Saturday, June 1, 2013

Land of Coronado Enchantment

Every time we travel, we seek out river access, mainly because I like to say I've touched the river. On this trip to New Mexico, I stood in the Pecos river a couple of times; I also dipped my fingers into the Rio Grande right where it runs beside the road that connects Santa Fe and Albuquerque.

We stopped at Bernalillo to see a museum detailing Francisco Vasquez de Coronado's stay among the Kuaua Pueblo, a Tiwa speaking tribe who had taken refuge at this spot to escape a drought in their previous more northerly home.

They had been here a couple of hundred years when Coronado discovered their village of adobe apartments--some as high as three stories. The homes were little more than cubicles with holes in the roofs and ladders for access.

 Fortunately, the people spent most of their time outdoors, cooking in clay ovens, raising crops, shepherding livestock, and fishing. There was precious little moisture, but the Rio Grande was close by for irrigation, and the altitude kept the temperature pleasantly cool.

There were large Kiva's--like the club in Great Britain I imagine--and the men sat around spinning and weaving all the cloth--unlike the men at the clubs in Great Britain I imagine. 

Turtle and I took the usual hike around the museum grounds and I took pictures. I thought they had a unique way to keep people on the hiking trails. If you read the sign you'll see what I mean.

Another Coronado place we visited was a village called Puerta De Luna, because Coronado and his men watched the moon come up nightly through a cleft in the mountain there.

They also stayed long enough to build a crude bridge across the Pecos River. There's a much nicer one today, with public access for fishing and a lot of trout--despite the ongoing drought. The water was clear enough to watch them swim right up to the fly on the end of Turtle's fishing pole, sniff at it, and rapidly head upstream for something tastier.


We wandered around the village and took pictures of this little chapel, and the church that replaced it over a century ago.


The ground was bare and dry, but occasionally cactus flowers and jeweled weeds sparkled in the sand.

Birds were plentiful--large birds, pipers, buzzards, and hawks, and the cliffs in the distance made the place beautiful despite the lack of greenery.

That wasn't enough for Francisco Vasquez de Coronado, evidently. He had one thing on his mind-- the seven golden cities of Cibola and how to find them, since nobody had given him a map with X marking the spot.

Wearily, he ordered his men to take up their goods and follow him to fabled treasures beyond the desert mountains.

For an explorer who never accomplished his goal, he certainly got a lot of mentions.

Thursday, May 30, 2013

Land of Adobe Enchantment

Neither Turtle nor I had ever been to Santa Fe, the capitol of New Mexico and an old Spanish settlement in the "New World". So it was with high-altitude anticipation that we drove up onto that fluted pie-plate in the sky.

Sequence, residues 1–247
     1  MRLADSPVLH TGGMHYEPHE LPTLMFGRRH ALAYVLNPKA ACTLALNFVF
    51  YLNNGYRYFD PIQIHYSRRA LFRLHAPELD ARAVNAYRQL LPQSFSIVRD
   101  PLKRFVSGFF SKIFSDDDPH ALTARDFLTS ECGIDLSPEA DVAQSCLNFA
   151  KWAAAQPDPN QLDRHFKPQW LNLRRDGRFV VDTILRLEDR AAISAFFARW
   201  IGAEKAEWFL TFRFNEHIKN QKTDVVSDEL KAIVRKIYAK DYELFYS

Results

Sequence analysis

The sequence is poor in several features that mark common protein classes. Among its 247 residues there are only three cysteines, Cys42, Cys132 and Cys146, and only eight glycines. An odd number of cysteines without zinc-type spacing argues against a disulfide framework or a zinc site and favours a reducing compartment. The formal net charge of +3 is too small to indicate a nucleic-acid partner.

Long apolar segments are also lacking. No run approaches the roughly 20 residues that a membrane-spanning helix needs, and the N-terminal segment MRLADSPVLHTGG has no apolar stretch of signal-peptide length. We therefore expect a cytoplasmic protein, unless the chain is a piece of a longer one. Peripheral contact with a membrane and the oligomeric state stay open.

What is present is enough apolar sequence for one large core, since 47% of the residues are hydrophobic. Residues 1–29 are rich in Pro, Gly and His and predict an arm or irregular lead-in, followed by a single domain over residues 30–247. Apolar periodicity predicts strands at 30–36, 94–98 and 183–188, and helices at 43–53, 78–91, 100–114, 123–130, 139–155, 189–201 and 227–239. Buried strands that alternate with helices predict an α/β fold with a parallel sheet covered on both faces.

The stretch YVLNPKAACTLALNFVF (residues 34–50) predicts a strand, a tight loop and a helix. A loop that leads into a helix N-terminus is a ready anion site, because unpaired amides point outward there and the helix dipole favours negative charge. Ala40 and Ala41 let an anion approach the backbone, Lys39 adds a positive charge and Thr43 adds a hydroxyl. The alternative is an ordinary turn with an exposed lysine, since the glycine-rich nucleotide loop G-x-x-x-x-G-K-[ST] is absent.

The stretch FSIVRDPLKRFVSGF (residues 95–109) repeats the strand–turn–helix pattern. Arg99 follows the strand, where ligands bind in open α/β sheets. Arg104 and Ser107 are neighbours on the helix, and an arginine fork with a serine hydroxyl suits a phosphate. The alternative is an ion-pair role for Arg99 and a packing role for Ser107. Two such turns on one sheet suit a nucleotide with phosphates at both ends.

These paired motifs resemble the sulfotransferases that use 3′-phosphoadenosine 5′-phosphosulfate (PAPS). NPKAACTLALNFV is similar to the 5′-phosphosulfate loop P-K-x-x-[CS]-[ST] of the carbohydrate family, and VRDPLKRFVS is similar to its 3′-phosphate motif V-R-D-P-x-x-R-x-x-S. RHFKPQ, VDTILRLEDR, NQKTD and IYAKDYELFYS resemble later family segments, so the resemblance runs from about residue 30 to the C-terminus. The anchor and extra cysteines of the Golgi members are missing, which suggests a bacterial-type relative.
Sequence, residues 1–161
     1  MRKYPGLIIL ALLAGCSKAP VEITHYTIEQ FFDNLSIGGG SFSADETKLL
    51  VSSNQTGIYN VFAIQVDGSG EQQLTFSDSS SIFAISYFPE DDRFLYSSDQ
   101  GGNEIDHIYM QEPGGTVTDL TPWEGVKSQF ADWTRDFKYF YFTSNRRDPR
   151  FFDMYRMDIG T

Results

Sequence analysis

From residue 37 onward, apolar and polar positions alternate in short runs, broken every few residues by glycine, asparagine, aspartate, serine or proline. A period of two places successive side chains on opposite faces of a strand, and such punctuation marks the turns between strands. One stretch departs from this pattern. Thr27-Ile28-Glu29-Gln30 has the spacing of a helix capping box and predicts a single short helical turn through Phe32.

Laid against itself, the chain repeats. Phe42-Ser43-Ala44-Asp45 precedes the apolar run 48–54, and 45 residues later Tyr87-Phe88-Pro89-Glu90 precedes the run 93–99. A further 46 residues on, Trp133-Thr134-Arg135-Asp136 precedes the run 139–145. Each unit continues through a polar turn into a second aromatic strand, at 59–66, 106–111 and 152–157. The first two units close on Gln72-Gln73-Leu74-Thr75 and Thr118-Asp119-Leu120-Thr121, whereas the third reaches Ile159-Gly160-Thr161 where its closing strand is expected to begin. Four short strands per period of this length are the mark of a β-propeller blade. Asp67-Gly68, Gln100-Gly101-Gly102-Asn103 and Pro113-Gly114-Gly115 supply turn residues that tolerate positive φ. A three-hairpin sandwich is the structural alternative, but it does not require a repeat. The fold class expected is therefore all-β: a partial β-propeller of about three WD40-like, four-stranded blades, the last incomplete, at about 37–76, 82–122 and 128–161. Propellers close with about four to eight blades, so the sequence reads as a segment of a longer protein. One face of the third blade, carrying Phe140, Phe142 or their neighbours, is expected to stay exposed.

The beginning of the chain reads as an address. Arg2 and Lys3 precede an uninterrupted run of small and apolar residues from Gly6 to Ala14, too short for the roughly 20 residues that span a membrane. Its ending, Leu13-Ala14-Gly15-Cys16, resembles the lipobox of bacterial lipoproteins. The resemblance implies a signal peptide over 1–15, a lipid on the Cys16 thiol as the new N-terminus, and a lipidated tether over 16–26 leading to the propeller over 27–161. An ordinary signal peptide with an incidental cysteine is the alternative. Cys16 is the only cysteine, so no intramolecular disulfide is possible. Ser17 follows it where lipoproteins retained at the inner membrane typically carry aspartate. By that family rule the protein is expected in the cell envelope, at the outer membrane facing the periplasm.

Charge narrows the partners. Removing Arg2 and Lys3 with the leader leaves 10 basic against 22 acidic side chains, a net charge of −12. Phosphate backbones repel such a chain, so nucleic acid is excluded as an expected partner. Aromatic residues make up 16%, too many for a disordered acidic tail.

It was an amazingly flat stretch of bare desert, with jagged tips of mountain poking their way up at the outer edges. The land had been suffering drought conditions for several years now, so there was very little green.
The downtown area was delightful for tourists:--lots of ornate buildings, like this old theater.
Art galleries abounded. Who needs an art museum when the shops are so amazing!  These warrior sculptures were made entirely of leather.
And these busts were typical of the storefront window displays. Statues, paintings, jewelry, pottery, geckos, geese, and gardenias.

Even outside the buildings, art abounded. . . or graffiti. Or both, depending on your point of view.
Old sidewalks led under shade trees, and the adobe benches were inviting. Even though the sun was shining and temperatures were in the low eighties, it was cool in the shadows under the continuous breeze.
Everywhere we looked, we saw adobe.              (We surmised they must have a building code that says: If it isn't adobe, at least it has to look like it.) Gas stations, fast food chains, motels--even Walmart--were all wearing adobe.

This old church caught my eye at once. I love  stained glass, round windows and square towers.
An official building seemed to be the only one allowed to irrigate the lawn. People strolled and lolled about on it, as if it were a public park. Maybe it was.
This lot at the edge of a busy uptown street was full of columns. I guess one could buy them to enhance a garden or front entrance. It just looked whimsical to me to see so many gated entrances to nothing.

Here are a few more examples of the ubiquitous adobe. Flat roofs are common, like they seem to be everywhere there is little rain.
This is actually the facade of the Santa Fe Art Museum. We didn't explore this one, as we had already been through the historical museum around the corner and a multitude of hopeful little shops in hidden crannies, some with fountains in the sunlit courtyards.            
On the outskirts of the city, I felt a sense of endless space. The sky was huge above me. Large black buzzards swooped in open blue sky, and there were crunches and rustles under my footsteps when I ventured out to snap a picture. These two were taken next to a Wal-mart parking lot.

Occasionally, a tumble weed loosed it's gnarled grip on the gravel and took off across the landscape, seeking a ravine or a moist crevice where it could settle in for the long, hot summer.
The highways south were strewn with abandoned adobe houses, evidence to resilience in an arid environment.

A few trees managed to survive on the plain and climb the sides of mountains, persisting to the very summits. This was the view along the interstate--all the way to Albuquerque. Flat clouds in a beautiful blue sky cover.

 Turtle and I rode serenely along. We had been to Santa Fe and found it worth the visit.